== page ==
Mentions: It was shown that the aging of mRNA affects both the polysomal size distributions [33], [34] and the rate of protein synthesis [35]. From the point of view of mRNA degradation, aging becomes manifest in the residual lifetime R of the molecule. The residual lifetime of a randomly chosen mRNA is the remaining time until it is degraded. The average residual lifetime in a sample of mRNA molecules can be easily computed both at the beginning of the experiment, corresponding to the steady state, and during the decay assays (see Models and methods). Fig. 6A shows the behavior of the average residual lifetime as a function of time after the interruption of transcription for the two mRNAs discussed in Fig. 3. One can clearly see that the average residual lifetime changes with time reflecting the aging of the mRNA population after the stop of transcription, which is a consequence of the non-constant degradation rate in Fig. 4. Because the remaining mRNAs are older, their average degradation rate has changed and, thus, the average residual lifetime can increase (MGS1) or decrease (RPS16B). Only the exponential fit shows no aging and a constant residual lifetime (dashed lines).

Bottom Line: Furthermore, a variety of different and complex biochemical pathways for mRNA degradation have been identified.Next, we develop a theory, formulated as a Markov chain model, that recapitulates some aspects of the multi-step nature of mRNA degradation.We apply our theory to experimental data for yeast and explicitly derive the lifetime distribution of the corresponding mRNAs.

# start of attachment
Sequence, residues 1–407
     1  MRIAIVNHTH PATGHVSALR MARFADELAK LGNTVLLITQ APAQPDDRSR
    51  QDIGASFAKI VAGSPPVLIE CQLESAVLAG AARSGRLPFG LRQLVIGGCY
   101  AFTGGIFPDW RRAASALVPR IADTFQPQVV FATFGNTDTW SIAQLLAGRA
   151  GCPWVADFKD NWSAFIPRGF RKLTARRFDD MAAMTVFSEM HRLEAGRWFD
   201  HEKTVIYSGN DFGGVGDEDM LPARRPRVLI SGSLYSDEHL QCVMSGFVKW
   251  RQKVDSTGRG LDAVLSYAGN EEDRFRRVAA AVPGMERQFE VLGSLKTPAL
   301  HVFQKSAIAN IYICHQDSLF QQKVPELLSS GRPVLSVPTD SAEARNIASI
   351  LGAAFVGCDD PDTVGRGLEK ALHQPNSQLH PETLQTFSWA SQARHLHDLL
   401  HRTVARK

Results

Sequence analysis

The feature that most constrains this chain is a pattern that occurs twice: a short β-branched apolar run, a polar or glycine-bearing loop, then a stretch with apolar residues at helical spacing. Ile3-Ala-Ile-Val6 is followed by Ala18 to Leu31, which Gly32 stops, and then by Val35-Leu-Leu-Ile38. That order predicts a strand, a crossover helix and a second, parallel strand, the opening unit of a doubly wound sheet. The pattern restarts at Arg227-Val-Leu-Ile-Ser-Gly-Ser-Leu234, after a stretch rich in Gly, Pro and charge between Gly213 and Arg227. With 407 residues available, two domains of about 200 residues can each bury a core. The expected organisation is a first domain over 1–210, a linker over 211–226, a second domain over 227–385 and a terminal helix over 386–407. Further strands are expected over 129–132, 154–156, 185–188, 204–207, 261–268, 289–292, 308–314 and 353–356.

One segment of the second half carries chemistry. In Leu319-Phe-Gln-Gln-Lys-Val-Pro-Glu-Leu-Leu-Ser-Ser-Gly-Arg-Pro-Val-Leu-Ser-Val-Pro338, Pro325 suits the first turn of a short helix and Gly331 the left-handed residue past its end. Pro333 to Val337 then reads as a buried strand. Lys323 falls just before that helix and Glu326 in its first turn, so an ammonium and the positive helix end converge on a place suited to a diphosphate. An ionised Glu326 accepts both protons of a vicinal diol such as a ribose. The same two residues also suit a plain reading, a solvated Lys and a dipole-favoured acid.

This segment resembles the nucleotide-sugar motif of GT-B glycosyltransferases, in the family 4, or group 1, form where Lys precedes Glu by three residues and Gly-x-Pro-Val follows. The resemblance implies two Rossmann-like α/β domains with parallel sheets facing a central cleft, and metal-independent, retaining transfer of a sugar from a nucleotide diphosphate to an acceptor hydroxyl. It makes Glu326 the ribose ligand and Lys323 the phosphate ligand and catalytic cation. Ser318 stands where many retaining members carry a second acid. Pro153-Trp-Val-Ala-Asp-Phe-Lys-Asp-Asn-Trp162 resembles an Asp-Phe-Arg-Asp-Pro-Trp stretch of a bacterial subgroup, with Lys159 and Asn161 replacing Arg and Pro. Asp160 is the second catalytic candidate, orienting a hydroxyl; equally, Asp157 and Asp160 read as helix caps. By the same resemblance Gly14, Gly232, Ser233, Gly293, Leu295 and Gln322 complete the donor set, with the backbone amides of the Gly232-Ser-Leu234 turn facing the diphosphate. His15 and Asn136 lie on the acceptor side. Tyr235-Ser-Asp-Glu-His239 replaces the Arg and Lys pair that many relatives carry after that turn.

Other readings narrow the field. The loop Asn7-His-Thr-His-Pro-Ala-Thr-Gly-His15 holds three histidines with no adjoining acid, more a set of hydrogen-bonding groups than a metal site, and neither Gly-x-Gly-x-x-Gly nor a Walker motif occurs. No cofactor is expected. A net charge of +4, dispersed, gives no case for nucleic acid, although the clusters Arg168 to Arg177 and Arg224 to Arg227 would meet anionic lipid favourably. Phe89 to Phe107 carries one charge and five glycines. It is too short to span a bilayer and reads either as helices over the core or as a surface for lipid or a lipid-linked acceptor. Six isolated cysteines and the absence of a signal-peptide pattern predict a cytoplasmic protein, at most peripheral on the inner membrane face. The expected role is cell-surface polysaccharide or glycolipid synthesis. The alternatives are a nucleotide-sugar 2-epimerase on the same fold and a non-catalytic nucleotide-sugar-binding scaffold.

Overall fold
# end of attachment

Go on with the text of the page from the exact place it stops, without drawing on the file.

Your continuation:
View Article: PubMed Central - PubMed

Affiliation: Department of Theory and Bio-Systems, Max Planck Institute of Colloids and Interfaces, Potsdam, Germany.

ABSTRACT
Experimental studies on mRNA stability have established several, qualitatively distinct decay patterns for the amount of mRNA within the living cell. Furthermore, a variety of different and complex biochemical pathways for mRNA degradation have been identified. The central aim of this paper is to bring together both the experimental evidence about the decay patterns and the biochemical knowledge about the multi-step nature of mRNA degradation in a coherent mathematical theory. We first introduce a mathematical relationship between the mRNA decay pattern and the lifetime distribution of individual mRNA molecules. This relationship reveals that the mRNA decay patterns at steady state expression level must obey a general convexity condition, which applies to any degradation mechanism. Next, we develop a theory, formulated as a Markov chain model, that recapitulates some aspects of the multi-step nature of mRNA degradation. We apply our theory to experimental data for yeast and explicitly derive the lifetime distribution of the corresponding mRNAs. Thereby, we show how to extract single-molecule properties of an mRNA, such as the age-dependent decay rate and the residual lifetime. Finally, we analyze the decay patterns of the whole translatome of yeast cells and show that yeast mRNAs can be grouped into three broad classes that exhibit three distinct decay patterns. This paper provides both a method to accurately analyze non-exponential mRNA decay patterns and a tool to validate different models of degradation using decay data.

Show MeSH
Related in: MedlinePlus